Interactive Online Tools for Business Book

Businesses have been taking advantage of many online tools not originally created for business purposes such as blogs, feeds, wikis, forums and more. These help businesses create a community, build relationships and gain trust and credibility. Would you buy a book on this topic?
If so, what do you want from the book that you’re not getting from other books?
Here are some books that cover similar topics:

If not, are there any topics you’re interested in surrounding web, content, writing, and marketing — that no book addresses? I’d love to hear your comments and thoughts. Thanks for any input!

5 thoughts on “Interactive Online Tools for Business Book”

  1. What a great question! I know what an amazingly talented writer you are and I think the bigger question is what do you want to write about. I think you could write about any of these things listed above but I also think you could write about in terms of really explaining them for the laymen as some of the other responders have said. You have great humor in your writing and you’re able to write very engagingly.

    I’d love to read a book on how to create and write an e-newsletter that works as a marketing tool for your company that takes people from start to finish similar to the Andy Wibbels book on blogging.

  2. I would be interested in a book that focused on the community and relationship building aspects of these tools. There are many how-to books out there for setting up these tools but few that I know of for actually using the tools effectively.

  3. Similar to what the previous answer author said, there are plenty of books and other resources for the creation of tools but few that address the real connection between users/consumers and the business or site.

    I recently took a look at Luke Wroblewski’s “Wiki Interface Design Considerations” presentation in order to see about addressing some issues we had for our Rails Rumble project, Linga ( Rather than simply building an application, I’ve been looking for that communication process specifically — What do we need to present to the user when they create a wiki for the first time? Do we need conditional data based on how much, if anything, the user has contributed (an advanced user vs. a new user, etc.)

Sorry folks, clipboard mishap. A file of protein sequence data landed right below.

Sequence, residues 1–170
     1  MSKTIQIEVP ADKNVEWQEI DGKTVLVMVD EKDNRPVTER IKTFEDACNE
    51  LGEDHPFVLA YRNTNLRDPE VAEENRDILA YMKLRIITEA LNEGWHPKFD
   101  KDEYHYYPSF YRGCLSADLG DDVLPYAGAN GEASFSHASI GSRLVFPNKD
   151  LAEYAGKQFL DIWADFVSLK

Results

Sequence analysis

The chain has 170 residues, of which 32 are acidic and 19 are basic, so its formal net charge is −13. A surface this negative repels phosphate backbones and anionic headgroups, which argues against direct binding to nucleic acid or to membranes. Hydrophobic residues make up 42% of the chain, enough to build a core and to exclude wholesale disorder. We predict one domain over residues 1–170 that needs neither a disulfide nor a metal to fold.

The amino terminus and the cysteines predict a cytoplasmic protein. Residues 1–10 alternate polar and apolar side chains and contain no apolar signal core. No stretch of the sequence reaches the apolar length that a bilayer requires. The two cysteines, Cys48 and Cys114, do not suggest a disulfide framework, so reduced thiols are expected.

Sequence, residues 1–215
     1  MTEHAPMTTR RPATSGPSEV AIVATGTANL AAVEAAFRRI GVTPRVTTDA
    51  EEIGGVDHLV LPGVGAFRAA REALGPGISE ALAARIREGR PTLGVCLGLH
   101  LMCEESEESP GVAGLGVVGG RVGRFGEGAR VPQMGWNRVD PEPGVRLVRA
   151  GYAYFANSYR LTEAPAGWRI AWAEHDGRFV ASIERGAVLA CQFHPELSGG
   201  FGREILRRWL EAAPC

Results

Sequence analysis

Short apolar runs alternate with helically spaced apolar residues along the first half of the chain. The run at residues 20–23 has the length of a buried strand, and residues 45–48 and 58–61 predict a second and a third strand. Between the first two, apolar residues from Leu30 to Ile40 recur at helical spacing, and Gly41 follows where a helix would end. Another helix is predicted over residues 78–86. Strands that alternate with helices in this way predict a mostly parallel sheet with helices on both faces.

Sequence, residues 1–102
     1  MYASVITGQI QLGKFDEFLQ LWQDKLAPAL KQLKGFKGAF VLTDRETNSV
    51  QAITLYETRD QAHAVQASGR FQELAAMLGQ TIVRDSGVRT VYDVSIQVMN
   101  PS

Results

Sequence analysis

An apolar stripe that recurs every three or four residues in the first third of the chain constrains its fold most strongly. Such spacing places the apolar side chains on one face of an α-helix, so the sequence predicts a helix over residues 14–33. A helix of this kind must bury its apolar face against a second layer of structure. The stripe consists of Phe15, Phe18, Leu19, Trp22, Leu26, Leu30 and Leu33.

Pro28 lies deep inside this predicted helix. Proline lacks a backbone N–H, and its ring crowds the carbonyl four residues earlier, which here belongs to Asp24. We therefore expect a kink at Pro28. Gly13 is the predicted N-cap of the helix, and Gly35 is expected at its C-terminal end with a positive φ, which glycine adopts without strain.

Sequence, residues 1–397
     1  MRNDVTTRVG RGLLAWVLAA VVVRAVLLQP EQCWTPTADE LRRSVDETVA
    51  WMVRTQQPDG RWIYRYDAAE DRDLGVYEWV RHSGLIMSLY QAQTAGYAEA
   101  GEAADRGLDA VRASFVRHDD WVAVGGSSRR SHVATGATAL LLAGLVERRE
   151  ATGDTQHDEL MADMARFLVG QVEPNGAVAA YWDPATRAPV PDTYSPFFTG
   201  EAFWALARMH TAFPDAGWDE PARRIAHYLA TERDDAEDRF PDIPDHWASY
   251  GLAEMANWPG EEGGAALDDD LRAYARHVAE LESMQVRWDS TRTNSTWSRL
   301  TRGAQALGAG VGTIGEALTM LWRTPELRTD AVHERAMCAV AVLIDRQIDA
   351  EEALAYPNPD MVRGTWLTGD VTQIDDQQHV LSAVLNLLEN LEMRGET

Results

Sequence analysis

37Signals touches on some of these issues occasionally on their blog (as well as other usability blogs around the tubes) but I think this segment is largely untapped and could use some help.

    I know I would definitely purchase a book like this if it was well put together and everything, sort of a la Dan Cederholm’s Bulletproof Web Design type of book design, look and feel.

  4. From Steve K: I’d buy anything you write. I’d add a lot of unique tools for presentations. Nothing worse than sitting though a 90,000 slide powerpoint. Needs lotsa resources. Like how to use or I love Animoto. I combine some cartoons with a few pictures and riff offf a 30-60 second trailer that sure is an icebreaker if you have to give a presentation … or you have to brown-nose the boss’ secretary.


  5. From Jenn G:

    I would purchase a book on this subject if it included a step-by-step process on how to use these things for marketing purposes. I already use a blog and a Yahoo Group to build a relationship with my niche. I would find value in having a process laid out that I could follow to adapt the other tools.


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